Related: Tax Reform 2018 – Understanding the Changes
How the Earned Income Tax Credit Could Get You More Money

The Larger Question Remains – What of Economic Growth and Inflation?

If slower economic growth is in fact occurring, the question then shifts from one about inflation to one about a darkening economic outlook.  Will the market be able to brush off a less-vibrant economy in exchange for a slower rate increase schedule?

It’s become readily apparent that investors do not want hawkish rate increases going forward in light of lowered inflation readings.  There might only be a handful of trading sessions left in the year, but depending on how the Fed announces its rate increase intentions, there could still be time for a “Santa Claus” turned “Federal Reserve Rally”.

Investors are increasingly expecting – and hoping for- more dovish (fewer rare increases) commentary from Fed Chairman Jerome Powell on the path for rates next year.  Mr. Powell has given mixed signals on Fed policy in recent months, spooking investors in October by saying rates were “a long way from neutral,” referring to the point at which interest rates are neither spurring nor slowing economic growth.

In November, he backtracked on those comments by saying interest rates were “just below” neutral. Will the tone continue to soften in today’s announcement?

Stay tuned.

Related: Form W-2: What You Need to Know

Will Santa Have Enough Time?


As a final note, for those worried about time remaining to see the famed “Santa Claus Rally”, the traditional definition of this event is the last five trading sessions of December and the first two trading sessions of January.  In that case, all eyes will be fixed on the announcement coming today at 2pm EST.

If it goes well, there’s still plenty of time left to rally to a positive finish for the S&P 500 in 2018.  If we finish in the red, this will be the first year in the last 9 the S&P 500 hasn’t finished in the green.

Related: When Investing in Index Funds, Do as the French Do
How to Build Wealth through Compounding
How to Save Money and Get the Most Out of Life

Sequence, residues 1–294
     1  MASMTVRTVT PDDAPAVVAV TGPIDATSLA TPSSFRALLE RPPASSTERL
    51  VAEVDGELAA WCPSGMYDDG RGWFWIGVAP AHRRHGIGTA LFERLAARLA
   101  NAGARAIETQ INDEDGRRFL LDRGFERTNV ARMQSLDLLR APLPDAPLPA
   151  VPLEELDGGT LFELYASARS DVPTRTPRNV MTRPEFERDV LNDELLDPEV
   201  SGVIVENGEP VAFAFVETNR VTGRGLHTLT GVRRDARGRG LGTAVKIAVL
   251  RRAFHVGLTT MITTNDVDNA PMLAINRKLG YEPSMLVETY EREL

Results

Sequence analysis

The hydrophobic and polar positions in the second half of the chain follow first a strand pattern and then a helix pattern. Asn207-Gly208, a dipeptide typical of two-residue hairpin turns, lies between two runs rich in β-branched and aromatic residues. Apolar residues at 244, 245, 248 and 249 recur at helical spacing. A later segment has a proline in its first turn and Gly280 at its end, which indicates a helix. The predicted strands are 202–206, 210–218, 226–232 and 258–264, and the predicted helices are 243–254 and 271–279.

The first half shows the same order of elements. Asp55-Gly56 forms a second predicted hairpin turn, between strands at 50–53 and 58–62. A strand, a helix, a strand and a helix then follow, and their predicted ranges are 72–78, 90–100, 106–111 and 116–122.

This is the Millennial Retirement We Deserve
10 Simple Steps for Creating a Budget in Excel

About the Author and Blog

In 2018, I was winding down a stint in investor relations and found myself newly equipped with a CPA, added insight on how investors behave in markets, and a load of free time.  My job routinely required extended work hours, complex assignments, and tight deadlines.  Seeking to maintain my momentum, I wanted to chase something ambitious.

I chose to start this financial independence blog as my next step, recognizing both the challenge and opportunity.  I launched the site with encouragement from my wife as a means to lay out our financial independence journey to reach a Millennial retirement and connect with and help others who share the same goal.

Some of my favorite things to discuss include investing in index funds, how to save money, travel hacking with help from the Reddit churning community, house hacking and optimizing the benefits of my condo vs. apartment living, and tax topics like the earned income tax credit, common tax deductions,  tax reform in 2018, or other useful tax topics.  I want this to be a journey for us all to learn how to make a lot of money and pursue the lives we want.

Please continue to watch the site for more to come and post below with your questions or comments.

Disclaimer

I have not been compensated by any of the companies listed in this post at the time of this writing.  Any recommendations made by me are my own.  Should you choose to act on them, please see my the disclaimer on my About Young and the Invested page.

Sign Up To Our Newsletter To Get The Latest Updates